In this series of articles, Gwen Willaims, Property Manager at Belvoir Bedford advises potential...
In this series of articles, Gwen Willaims, Property Manager at Belvoir Bedford advises potential landlords about the types of investment property that can be bought to house tenants. One would think that any house could be bought with the hope of making some money through letting it out. However, some properties let better than others and that means making more money each year. The main aim is to have the house occupied at all times, so avoiding gaps in the tenancy, usually called voids.
Types of Property suitable for Renting Out
Big isn’t always beautiful in the rental market. A large 4 bed detached house, worth £250,000 could make up to £1000 per calendar month in some areas, but it will also have significant mortgage payments each month.
"The higher the rent the smaller the market "
Not as many people can afford such a rent, so tenants could be difficult to find and there may be voids each year to cater for.
A smaller 2 or 3 bed town house, is at the starter end of the market and is in much demand from many different types of tenant. In the Bedford area rents for this type of property will normally be between £600 and £750.
You are much more likely to be able to rent the smaller property and are less likely to have voids.
In addition, your rent may cover your mortgage repayments.
Rule 1 – Analyse the rental against the capital cost. Generally, you are better with a few smaller properties than one large one.
A good property manager will be able to advise on the local rental market and will be able to offer sound advice on the types of property that are most suitable for rental. The house that you like the look of is not necessarily one that will rent well. Check out our Best Buy to Let Deals on this very blog for more information.
Rule 2 – Take advice from a professional property manager unless you really know the local market.
It is better to buy a newer or a recently refurbished property requiring little annual maintenance than an older, less well maintained property at a lower price. You want to see the maximum money coming in, not hefty bills for maintenance every month.
Rule 3 – Don’t buy a property that needs frequent, expensive maintenance.
Which Sector of the Rental Market Should I Invest In?
There are many different tenants out there wanting property.
- Some are DSS, requiring basic facilities and often needing help with the rent through housing benefit.
- Young couples setting up home for the first time and those moving into a new area who are unsure of where they want to purchase a house, form another group.
- People whose personal circumstances have changed often rent until they stabilise their lives.
- Businessmen moving into a new area either long or short term will also need housing
- If there is a local University or College in your town then students will always need housing whilst they complete their studies.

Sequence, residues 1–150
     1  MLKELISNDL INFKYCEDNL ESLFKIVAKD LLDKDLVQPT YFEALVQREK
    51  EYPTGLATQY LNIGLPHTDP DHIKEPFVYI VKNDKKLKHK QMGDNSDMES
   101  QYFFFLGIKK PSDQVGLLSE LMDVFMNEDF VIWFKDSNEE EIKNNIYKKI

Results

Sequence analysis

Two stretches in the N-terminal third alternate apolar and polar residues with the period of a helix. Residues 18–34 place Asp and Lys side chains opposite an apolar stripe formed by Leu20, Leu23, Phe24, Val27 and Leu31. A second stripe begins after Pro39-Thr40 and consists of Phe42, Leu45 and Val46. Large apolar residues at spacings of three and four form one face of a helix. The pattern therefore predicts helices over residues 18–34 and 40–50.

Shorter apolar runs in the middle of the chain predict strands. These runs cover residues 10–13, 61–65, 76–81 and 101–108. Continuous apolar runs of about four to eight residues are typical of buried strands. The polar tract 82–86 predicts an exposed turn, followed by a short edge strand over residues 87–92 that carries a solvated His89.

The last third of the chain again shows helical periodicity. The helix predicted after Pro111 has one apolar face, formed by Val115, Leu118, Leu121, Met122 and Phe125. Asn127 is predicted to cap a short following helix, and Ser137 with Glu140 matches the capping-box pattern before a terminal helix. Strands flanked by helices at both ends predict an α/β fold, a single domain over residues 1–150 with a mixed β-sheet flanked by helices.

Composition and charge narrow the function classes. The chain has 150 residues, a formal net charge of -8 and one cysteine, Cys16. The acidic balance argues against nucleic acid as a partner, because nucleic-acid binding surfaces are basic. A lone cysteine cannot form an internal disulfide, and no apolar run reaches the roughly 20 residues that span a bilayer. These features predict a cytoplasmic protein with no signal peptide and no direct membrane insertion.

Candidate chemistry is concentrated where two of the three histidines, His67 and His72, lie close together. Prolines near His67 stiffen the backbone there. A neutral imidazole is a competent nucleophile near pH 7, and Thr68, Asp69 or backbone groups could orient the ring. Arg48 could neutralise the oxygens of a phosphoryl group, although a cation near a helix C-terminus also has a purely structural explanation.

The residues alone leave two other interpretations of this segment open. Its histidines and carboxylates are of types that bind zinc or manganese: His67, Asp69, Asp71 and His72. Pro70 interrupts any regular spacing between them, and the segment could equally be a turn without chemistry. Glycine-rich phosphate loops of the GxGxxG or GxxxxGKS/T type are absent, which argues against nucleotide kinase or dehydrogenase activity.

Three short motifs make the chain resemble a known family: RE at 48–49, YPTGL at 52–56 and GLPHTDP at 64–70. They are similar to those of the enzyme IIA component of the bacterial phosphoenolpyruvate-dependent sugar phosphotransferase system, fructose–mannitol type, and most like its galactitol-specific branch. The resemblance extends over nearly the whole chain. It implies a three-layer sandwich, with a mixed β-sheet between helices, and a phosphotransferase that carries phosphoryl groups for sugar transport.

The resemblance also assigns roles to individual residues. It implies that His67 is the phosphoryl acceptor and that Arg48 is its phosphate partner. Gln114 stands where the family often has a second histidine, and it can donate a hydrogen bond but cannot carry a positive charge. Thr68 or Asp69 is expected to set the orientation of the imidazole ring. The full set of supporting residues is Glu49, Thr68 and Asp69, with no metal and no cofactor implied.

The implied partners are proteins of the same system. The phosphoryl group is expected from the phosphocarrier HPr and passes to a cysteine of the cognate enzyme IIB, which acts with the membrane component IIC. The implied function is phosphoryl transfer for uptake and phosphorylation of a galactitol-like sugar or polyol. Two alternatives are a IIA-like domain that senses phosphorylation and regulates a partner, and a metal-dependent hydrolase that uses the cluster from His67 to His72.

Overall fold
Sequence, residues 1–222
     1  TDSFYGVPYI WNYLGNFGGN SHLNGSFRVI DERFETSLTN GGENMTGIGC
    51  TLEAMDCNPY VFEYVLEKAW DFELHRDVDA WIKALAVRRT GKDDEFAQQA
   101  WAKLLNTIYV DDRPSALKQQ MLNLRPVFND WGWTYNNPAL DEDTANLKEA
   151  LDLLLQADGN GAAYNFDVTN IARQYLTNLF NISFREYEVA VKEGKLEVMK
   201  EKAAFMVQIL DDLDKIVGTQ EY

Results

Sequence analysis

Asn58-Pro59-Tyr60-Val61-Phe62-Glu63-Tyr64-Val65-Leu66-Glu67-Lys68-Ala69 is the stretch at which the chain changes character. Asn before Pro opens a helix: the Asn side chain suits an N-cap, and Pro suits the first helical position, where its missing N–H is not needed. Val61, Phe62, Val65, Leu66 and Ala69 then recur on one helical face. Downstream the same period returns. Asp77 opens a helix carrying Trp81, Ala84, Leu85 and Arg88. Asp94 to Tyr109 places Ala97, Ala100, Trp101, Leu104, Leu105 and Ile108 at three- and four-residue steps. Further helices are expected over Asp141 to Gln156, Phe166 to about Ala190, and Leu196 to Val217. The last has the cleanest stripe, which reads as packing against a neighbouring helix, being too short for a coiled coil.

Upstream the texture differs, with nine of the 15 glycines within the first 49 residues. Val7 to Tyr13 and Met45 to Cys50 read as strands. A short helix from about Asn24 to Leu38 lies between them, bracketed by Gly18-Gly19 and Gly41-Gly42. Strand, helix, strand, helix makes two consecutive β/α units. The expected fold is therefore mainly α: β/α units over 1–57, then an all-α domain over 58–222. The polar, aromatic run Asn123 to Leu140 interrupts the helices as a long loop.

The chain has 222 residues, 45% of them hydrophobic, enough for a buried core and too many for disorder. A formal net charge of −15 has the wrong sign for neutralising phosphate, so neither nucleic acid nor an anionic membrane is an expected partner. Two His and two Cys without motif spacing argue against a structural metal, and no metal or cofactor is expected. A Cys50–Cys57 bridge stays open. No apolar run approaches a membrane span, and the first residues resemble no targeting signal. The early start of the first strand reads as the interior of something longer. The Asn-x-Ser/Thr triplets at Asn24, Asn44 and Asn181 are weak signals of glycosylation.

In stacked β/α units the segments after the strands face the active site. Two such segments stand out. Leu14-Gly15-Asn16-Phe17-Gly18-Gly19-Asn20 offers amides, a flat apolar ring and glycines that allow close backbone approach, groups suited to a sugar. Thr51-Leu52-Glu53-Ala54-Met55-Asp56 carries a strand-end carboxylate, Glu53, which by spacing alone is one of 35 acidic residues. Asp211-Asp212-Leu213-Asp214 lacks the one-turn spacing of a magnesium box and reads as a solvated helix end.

Your agent will be able to help you to decide if you wish to purchase property for a more specialised area such as Student lets or whether you should go for a more generalised area of the rental market.
Buying to Let
Although it has seen something of a boom in recent years, buying property to let has always been potentially rewarding as an investment.
This becomes even more popular when interest rates are relatively low and access to ‘buy-to-let’ mortgages becomes easier.
Structuring Your Investment
This depends on what you want from your investment. You may require a monthly income as well as capital growth or it could be that you are planning a long term investment i.e. as part of a pension plan.
If you require a longer term investment from your property it may be more advantageous to pay a deposit and borrow the rest with a buy to let mortgage, using the remaining capital to purchase more properties on the same basis. The mortgages would be paid by the rental income the properties received and in time you would then have a number of properties to provide your retirement fund instead of only one. This is called “gearing up” and a financial advisor will be able to explain it in more detail for you.
There are, of course, advantages and disadvantages of buying a property to rent out and a good agent will always point these out to you before you buy. The advantages include:
There is a rising demand for good rental properties due partly to the increasing flexibility of the workforce and a change in social attitudes to renting.
Providing you buy a suitable property and after taking into account tax deductible expenses you can usually make a healthy profit.
If house prices rise, you have an appreciating asset.
Rental incomes can be increased in line with inflation.
The drawbacks can include:
- The value of houses can go down as well as up.
- A deposit is usually required if using a Buy to Let mortgage.
- The cost of the mortgage must be covered if the property is left without a tenant.
In short-term tenancies the Landlord is obliged to maintain the structure and exterior of the property no matter how costly this may be.
Buying to let can be a very rewarding investment, providing the correct properties are purchased and can be rented out with few void periods.
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